Inca Trail ruins
            My honey on the Inca Trail

          1. If you're really out of shape, I just don't recommend the 4-day hike. It's really, really hard. If you're older but in good shape, I'd suggest you at least try to find a tour that has some other older people on it. We had one 65 year old on our trip who did admirably, but I think he was pretty bummed to have no one else bringing up the rear with him other than Ivan, the second guide for our group.

          2. Definitely rent all the extras offered by your tour company to help make your camping experience better. Alpaca provided us with large tents that they set up plus inflatable mats and sleeping bags. It's quite cold at night, but we were toasty and reasonably comfortable in our tents. It didn't appear on any suggested packing lists, but definitely bring earplugs and a sleep mask. When people walk by at night with a flashlight, it will wake you up without a mask, and you will be shocked by the volume of snoring that comes out of so many people sleeping on their backs. I also recommend having some sleeping pills because while you're exhausted, it's still hard to sleep in such an unfamiliar and sometimes noisy situation. You will be getting up at the crack of dawn to walk for 6-10 hours, so you need your sleep!

            Machu Picchu
            Finally...Machu Picchu

            1. Aside from the obvious bandaids, don't forget to pack medicine for headaches and tummy aches. This is a thing, Yikes!

            2. Go during dry season. This seems like a given, but even just a week before our dry season visit it was still raining some. I would have hated this experience if we'd been schlepping in the rain.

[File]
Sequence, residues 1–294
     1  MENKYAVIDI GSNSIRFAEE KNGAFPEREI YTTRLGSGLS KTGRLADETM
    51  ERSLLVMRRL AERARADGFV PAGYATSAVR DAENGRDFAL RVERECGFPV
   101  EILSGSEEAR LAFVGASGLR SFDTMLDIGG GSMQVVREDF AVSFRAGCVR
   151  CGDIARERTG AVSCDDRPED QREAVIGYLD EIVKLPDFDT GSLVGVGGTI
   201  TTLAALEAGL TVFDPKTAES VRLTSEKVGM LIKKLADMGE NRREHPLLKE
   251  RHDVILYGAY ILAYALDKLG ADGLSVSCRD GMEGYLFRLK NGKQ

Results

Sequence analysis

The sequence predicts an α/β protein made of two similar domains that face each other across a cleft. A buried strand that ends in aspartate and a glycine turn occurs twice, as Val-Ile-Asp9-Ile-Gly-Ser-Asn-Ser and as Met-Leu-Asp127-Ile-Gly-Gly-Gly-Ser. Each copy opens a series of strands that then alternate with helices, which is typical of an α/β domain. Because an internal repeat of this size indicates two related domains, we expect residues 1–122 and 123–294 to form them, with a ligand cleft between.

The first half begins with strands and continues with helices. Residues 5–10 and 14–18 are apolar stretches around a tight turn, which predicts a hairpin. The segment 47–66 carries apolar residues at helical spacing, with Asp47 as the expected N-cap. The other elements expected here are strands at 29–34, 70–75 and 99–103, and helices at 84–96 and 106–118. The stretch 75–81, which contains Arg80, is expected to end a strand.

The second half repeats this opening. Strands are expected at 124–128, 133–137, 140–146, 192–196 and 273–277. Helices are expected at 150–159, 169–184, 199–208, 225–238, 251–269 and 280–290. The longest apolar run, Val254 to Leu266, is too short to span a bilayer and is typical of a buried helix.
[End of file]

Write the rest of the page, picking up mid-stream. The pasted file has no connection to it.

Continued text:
Machu Picchu
                Taking in the famous Machu Picchu view

                1. Everyone kept telling me the food on these tours is so amazing. Let's get real here - it's quite good considering porters are carrying the food up a mountain and a chef is preparing it without having an actual kitchen, but the food you get at wonderful Peruvian restaurants will still be better. Just have reasonable expectations, and you'll be quite happy. Instant coffee is garbage, so here's my recommended morning blend - 2 spoons of coffee, 2 spoons of hot chocolate (Milo in our case), 2 spoons of sugar and some non-dairy creamer.

                2. The cognitive dissonance of paying a bunch of money to do something that at times makes you miserable is real. Slowly but surely I think my memories of the tough days will fade and I'll be left just remembering the good parts.

                  Inca Trail
                  A river runs through it on the Inca Trail

                3. And most important - there are some real good parts. The camaraderie, the history, the glorious scenery all help ease the hiking induced pain. In the end, I'm hugely proud that I hiked the Inca Trail instead of just taking the train. I kind of wanted to punch the day trip people in the face while we were touring Machu Picchu, but even so, I had a once in a lifetime, definitely never to be repeated, experience, and I'd recommend it to anyone who is outdoorsy and fit enough to hack it!
                Bonus #16: You are straight up crazy if you opt to hike Huyana Picchu. It's a extra hike you can do once you get to Machu Picchu, and you have to pre-arrange it because tickets are limited. You will have been hiking for 4 days, so don't torture yourself with this even steeper and scarier hike. I promise your views of Machu Picchu from the sun gate will be sufficient.



                Related Posts with Thumbnails